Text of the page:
Last year, with input from students, I wrote a mystery one of whose central features is a small, sealed box that the protagonist finds and seeks to open. The desire to know what’s in the box plays a key role in propelling the reader through the story.
Last night, I came across a brilliantly simple suggestion from Adam Beck (@BeckMonkeys) for making use of containers with secret contents in language classes. (Adam operates the vast and marvelous site bilingualmonkeys.com for parents like me who are raising bilingual children.)
Most of the pertinent article is about using the concept of mystery to encourage one’s children to speak a particular language. But Adam also recalls a classroom application:
When I was an English teacher at Hiroshima International School, I found a fancy green box with a velvet interior and I christened it “The Magic Box.” Then every day, before each class, I would hide something in it. This activity quickly caught on with my students and they would rush into my room and pepper me with questions and guesses in English, their second language, as I offered hints. Finally, after taking full advantage of this exchange to elicit language from them, I would open “The Magic Box” and produce the secret object.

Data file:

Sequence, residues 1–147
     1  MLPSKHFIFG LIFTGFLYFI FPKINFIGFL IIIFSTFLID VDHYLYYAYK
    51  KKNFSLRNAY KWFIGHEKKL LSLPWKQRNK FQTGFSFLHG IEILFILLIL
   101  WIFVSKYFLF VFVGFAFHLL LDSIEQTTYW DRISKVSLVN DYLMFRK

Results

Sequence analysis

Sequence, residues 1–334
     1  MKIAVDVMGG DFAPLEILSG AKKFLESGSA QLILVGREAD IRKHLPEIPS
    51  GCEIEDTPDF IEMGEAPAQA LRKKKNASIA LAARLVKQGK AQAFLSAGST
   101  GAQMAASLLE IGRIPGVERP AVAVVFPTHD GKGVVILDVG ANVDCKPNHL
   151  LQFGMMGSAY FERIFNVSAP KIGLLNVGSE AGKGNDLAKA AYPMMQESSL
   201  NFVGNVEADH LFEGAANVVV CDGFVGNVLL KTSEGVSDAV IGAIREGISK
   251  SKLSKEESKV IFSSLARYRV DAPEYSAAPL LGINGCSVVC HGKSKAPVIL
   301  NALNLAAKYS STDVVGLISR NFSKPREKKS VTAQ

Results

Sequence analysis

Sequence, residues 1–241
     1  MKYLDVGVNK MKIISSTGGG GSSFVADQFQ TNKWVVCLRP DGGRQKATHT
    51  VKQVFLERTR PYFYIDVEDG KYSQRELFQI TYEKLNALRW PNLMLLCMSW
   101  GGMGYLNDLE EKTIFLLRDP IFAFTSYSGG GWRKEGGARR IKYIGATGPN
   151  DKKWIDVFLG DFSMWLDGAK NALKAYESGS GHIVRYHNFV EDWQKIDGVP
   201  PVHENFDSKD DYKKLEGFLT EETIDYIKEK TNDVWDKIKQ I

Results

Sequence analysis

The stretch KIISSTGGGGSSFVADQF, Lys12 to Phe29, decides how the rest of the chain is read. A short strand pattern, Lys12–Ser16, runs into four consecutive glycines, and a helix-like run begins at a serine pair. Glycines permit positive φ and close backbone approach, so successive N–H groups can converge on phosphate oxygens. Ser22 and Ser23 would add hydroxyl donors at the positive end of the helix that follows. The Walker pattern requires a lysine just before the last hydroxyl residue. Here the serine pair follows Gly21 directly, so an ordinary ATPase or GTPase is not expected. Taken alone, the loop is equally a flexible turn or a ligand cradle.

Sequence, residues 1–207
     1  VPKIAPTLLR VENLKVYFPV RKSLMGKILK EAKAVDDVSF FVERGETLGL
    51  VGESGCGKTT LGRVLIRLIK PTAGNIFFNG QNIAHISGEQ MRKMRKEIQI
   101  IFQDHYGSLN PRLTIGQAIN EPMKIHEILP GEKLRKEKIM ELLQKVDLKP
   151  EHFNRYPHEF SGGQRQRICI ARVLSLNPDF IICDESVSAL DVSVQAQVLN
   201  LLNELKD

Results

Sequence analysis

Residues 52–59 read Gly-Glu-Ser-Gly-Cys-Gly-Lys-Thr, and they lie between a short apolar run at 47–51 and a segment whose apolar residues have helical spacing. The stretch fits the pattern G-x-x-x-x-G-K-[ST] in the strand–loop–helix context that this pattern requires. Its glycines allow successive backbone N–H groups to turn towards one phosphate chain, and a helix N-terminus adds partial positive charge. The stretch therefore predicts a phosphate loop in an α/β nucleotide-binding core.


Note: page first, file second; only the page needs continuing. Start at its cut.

Why not try this and see what happens? It takes up very little time and adds a powerful layer of class culture.
In addition to the non-targeted conversations about the secret contents, think of all the stories your students could spin about the possible contents, as well as the targeted conversations you could foster:
-Indirect speech: Ginny bets that a slow loris is in the box. What do you think is in the box?
-Tenses: What was in the box yesterday? What do you think the box will contain tomorrow?
-Comparatives and superlatives: What’s the craziest (biggest, smallest, most expensive, worst smelling, etc.) thing that has ever been in the box? Is today’s item bigger (smaller, prettier, etc.) than yesterday’s?
-Conditionals: If you guess correctly what’s in the box, then I will sing “Shake It Off” backward in the language of your choice.
And don’t forget about other ways of incorporating mystery into your class: prizes, stories, riddles, pictures, optical illusions, current TV dramas, absent students’ whereabouts,…
To become a Master Questioner equipped with even more ways to form and use questions to sustain compelling interactions, check out my recorded webinar It’s All about the Questions!